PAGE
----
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Proc Natl Acad Sci U S A. 2002 Apr 16;99(8):5638-42. Epub 2002 Apr 9.

Mechanism of plasmid-mediated quinolone resistance.

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  • 1Infectious Disease Department, Lahey Clinic, Burlington, MA 01805, USA.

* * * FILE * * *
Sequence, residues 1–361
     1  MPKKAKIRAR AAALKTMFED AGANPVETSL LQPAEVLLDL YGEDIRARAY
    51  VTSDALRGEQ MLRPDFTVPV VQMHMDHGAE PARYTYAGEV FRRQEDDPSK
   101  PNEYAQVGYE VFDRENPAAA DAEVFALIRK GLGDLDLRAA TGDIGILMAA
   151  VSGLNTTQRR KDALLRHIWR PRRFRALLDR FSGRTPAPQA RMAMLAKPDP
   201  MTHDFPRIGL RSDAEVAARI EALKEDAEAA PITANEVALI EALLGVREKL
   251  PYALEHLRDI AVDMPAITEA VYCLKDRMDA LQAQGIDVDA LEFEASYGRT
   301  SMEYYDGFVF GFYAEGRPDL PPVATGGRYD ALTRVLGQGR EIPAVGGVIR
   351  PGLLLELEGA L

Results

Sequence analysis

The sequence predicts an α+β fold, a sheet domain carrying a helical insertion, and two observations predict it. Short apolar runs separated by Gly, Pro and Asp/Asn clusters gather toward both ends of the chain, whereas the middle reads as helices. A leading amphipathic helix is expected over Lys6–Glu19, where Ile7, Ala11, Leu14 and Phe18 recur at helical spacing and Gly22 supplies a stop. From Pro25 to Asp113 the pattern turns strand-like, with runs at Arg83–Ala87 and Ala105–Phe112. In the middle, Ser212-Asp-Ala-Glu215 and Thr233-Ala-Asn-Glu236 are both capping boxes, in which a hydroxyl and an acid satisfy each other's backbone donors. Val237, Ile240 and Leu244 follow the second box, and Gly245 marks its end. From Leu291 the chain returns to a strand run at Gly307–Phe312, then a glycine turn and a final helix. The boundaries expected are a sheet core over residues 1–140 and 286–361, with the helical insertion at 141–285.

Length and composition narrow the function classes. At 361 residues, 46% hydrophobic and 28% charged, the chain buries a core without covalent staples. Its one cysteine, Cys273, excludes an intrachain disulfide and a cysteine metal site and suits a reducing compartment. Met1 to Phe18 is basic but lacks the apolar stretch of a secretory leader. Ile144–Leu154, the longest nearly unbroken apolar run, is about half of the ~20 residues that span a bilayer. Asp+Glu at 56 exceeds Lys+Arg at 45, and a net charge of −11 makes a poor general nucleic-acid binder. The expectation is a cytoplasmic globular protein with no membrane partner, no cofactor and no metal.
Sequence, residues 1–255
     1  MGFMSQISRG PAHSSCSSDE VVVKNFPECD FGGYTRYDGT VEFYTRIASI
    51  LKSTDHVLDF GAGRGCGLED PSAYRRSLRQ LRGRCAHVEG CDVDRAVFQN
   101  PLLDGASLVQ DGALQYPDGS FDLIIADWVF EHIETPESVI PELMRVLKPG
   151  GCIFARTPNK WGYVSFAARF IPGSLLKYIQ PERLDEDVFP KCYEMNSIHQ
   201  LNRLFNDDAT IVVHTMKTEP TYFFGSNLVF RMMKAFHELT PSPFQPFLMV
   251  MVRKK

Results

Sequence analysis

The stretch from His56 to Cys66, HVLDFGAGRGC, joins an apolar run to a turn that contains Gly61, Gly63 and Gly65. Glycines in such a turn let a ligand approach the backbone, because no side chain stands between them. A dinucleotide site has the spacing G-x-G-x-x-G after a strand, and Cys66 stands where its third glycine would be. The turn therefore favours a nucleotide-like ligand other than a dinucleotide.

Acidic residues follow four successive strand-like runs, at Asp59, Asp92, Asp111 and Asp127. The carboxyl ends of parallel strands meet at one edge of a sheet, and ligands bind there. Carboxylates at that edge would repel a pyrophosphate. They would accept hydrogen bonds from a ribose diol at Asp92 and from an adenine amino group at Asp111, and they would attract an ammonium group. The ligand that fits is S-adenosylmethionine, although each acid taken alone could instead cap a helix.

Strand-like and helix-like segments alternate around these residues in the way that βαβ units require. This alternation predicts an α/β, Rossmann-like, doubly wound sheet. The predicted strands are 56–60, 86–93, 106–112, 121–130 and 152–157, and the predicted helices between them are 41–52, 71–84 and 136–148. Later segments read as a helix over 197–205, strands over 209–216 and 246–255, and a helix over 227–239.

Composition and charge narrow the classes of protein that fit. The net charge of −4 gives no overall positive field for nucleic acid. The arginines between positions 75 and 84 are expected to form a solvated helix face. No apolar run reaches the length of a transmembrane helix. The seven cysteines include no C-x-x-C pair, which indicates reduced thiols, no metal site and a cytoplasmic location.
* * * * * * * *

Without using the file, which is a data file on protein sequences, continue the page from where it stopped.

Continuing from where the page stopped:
Quinolones are potent antibacterial agents that specifically target bacterial DNA gyrase and topoisomerase IV. Widespread use of these agents has contributed to the rise of bacterial quinolone resistance. Previous studies have shown that quinolone resistance arises by mutations in chromosomal genes. Recently, a multiresistance plasmid was discovered that encodes transferable resistance to quinolones. We have cloned the plasmid-quinolone resistance gene, termed qnr, and found it in an integron-like environment upstream from qacE Delta 1 and sulI. The gene product Qnr was a 218-aa protein belonging to the pentapeptide repeat family and shared sequence homology with the immunity protein McbG, which is thought to protect DNA gyrase from the action of microcin B17. Qnr had pentapeptide repeat domains of 11 and 28 tandem copies, separated by a single glycine with a consensus sequence of A/C D/N L/F X X. Because the primary target of quinolones is DNA gyrase in Gram-negative strains, we tested the ability of Qnr to reverse the inhibition of gyrase activity by quinolones. Purified Qnr-His(6) protected Escherichia coli DNA gyrase from inhibition by ciprofloxacin. Gyrase protection was proportional to the concentration of Qnr-His(6) and inversely proportional to the concentration of ciprofloxacin. The protective activity of Qnr-His(6) was lost by boiling the protein and involved neither quinolone inactivation nor independent gyrase activity. Protection of topoisomerase IV, a secondary target of quinolone action in E. coli, was not evident. How Qnr protects DNA gyrase and the prevalence of this resistance mechanism in clinical isolates remains to be determined.

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